Justine Townsend: Reconciliation is Not a Metaphor

Posted on Tuesday, July 6th, 2021

Written by Justine Townsend

Justine Townsend in toque and scarf stands on a beach looking out at the water

Justine Townsend is a PhD Candidate in the Department of Geography, Environment and Geomatics. Her research interrogates the possibilities for reconciliation in the Canadian conservation sector, particularly by supporting the current surge in Indigenous Protected and Conserved Areas. She is also a doctoral researcher with the Conservation through Reconciliation Partnership (CRP) at the University of Guelph.

The CRP is a research partnership co-hosted by the University of Guelph, IISAAK OLAM Foundation and Indigenous Leadership Initiative, that is building support for Indigenous-led conservation in Canada. As co-lead and principal investigator Dr. Robin Roth explains, the partnership is cultivating a “collaborative and reciprocal space where Elders, university and community-based researchers, conservation practitioners and community partners work together to inform, support and amplify Indigenous-led conservation.” Justine’s involvement has included project and communications support, and knowledge mobilization such as launching the Virtual Campfire Series.


Reconciliation is not a metaphor

By Justine Townsend, PhD Candidate

This year, National Indigenous History Month necessitated difficult reflections from those of us living in Canada who do not have Indigenous ancestry. It especially invited deep and ongoing reflection from those of us with European ancestry. Uncovering the truth is a necessary precursor to reconciliation, and reconciliation is certainly not achieved by apologies alone.

With the unearthing of the remains of nearly 1000 children in unmarked burial sites on the grounds of Indian residential schools across Canada this past June, many of us are filled with grief, rage, hopelessness, and conviction. Some are shocked, yet many more are not. For all of us, this is another moment of reckoning in settler-Indigenous relations and the fraught but vital path of justice and reconciliation.

We see the re-traumatization the news is wreaking on Indigenous Peoples across Turtle Island. As Canadian citizens we can—and must—do all that we can to change the course we are on as a nation. Indeed, Canada is settled on the lands and waters of many hundreds of Indigenous Nations whose civilizations predate European settlement by millennia.

As members of an academic community, whether we are students, faculty, or staff we also have an opportunity to reflect on the institutional and research practices of academia at large, and the University of Guelph in particular.

Universities are increasingly seeking to open their borders to students from all backgrounds and knowledge traditions by removing barriers to learning while challenging norms of academic knowledge production. These norms have systematically as well as inadvertently harmed and oppressed Indigenous and other racialized peoples and their knowledge systems. As Eve Tuck and Wayne Yang (2012) powerfully state, “decolonization is not a metaphor.” And neither is reconciliation.

The University of Guelph’s Indigenous Initiatives Strategy, "Bi-Naagwad: It comes into view” demonstrates the university’s commitment to decolonization and reconciliation. It contains concrete actions intended to create impactful change in university governance, campus environment, Indigenous student support, research and scholarship, and pedagogy and curriculum. The challenge now is for the university and academic community to implement these actions and live up to their aspirations.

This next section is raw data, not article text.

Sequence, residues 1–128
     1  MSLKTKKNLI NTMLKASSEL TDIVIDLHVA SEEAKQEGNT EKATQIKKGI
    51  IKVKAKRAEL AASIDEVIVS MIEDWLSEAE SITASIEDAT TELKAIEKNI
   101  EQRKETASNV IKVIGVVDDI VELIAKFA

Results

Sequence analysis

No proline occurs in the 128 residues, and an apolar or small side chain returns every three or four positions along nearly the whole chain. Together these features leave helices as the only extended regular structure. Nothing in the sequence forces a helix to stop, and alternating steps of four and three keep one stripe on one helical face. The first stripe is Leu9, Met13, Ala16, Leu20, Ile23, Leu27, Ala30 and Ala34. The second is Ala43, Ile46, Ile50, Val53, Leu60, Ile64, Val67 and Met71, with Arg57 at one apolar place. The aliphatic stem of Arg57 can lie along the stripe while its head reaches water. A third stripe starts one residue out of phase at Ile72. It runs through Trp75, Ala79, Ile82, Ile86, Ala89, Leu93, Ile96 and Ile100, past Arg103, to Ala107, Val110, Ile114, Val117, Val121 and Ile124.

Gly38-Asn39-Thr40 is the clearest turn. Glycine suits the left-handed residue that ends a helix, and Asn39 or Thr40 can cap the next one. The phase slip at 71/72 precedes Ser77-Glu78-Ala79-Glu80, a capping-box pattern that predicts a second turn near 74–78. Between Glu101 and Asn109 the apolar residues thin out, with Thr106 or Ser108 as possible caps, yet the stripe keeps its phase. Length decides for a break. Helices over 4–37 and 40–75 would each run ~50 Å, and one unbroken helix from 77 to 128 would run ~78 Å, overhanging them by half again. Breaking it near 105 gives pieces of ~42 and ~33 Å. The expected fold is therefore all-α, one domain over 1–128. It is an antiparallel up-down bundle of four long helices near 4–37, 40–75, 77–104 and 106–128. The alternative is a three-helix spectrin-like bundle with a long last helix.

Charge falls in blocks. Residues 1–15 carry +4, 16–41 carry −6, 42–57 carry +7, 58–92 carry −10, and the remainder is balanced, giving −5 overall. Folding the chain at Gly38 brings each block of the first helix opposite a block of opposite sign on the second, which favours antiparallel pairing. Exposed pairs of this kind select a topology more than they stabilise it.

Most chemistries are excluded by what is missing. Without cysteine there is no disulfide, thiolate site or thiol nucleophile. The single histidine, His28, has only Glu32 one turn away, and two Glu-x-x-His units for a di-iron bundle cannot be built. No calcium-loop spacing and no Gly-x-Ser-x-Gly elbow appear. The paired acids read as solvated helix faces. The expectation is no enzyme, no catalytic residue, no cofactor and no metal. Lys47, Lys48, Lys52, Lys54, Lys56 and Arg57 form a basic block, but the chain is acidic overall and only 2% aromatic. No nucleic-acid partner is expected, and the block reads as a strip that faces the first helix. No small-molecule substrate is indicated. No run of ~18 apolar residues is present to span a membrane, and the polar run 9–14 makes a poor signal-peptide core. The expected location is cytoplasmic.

Luckily, frameworks for building capacity for decolonization and reconciliation exist.

Ethical Space” is one of the guiding principles of the Conservation through Reconciliation Partnership (CRP). Elders Dr. Reg Crowshoe and Prof. Willie Ermine developed this conceptual model to encourage a non-hierarchical and respectful space of collaboration. In Ethical Space, all knowledge systems, legal traditions and laws, protocols, methodologies, and practices are equally valued and engaged. The strength is in recognizing the merits of each contribution and cultivating the capacity to look through multiple lenses. This is akin to Mi’kmaw elder Albert Marshall’s teaching of Etuaptmumk, or Two-Eyed Seeing. Two-Eyed Seeing involves drawing on the strengths of Indigenous and Western knowledge systems and worldviews. Elder Albert Marshall is a member of the CRP’s Elder’s Lodge which guides the CRP’s work.

Ethical Space and Two-Eyed Seeing involve cultivating the capacities needed to advance the messy and ongoing work of reconciliation at home, in our communities, and in the university. These capacities include respect, curiosity, flexibility, and willingness. This willingness to show up can feed the commitment to stand for a brighter day when all our children can equally thrive.

May this outgoing National Indigenous History Month—and the tragic news about unmarked graves which is bound to continue—be a time for settler communities, particularly those of European descent, to commit to the critical work that Paulette Regan (2010) calls “unsettling the settler within.” Reflecting on ways we can honour Indigenous Peoples and the Earth need not be relegated to one month of the year. There are calls to action we can, and must, take up every day.


Sources cited:

Regan, P. (2010). Unsettling the settler within: Indian residential schools, truth telling, and reconciliation in Canada. UBC Press.

Tuck, E., & Yang, K. W. (2012). Decolonization is not a metaphor. Decolonization: Indigeneity, Education, & Society, 1(1), 1–40.

News Archive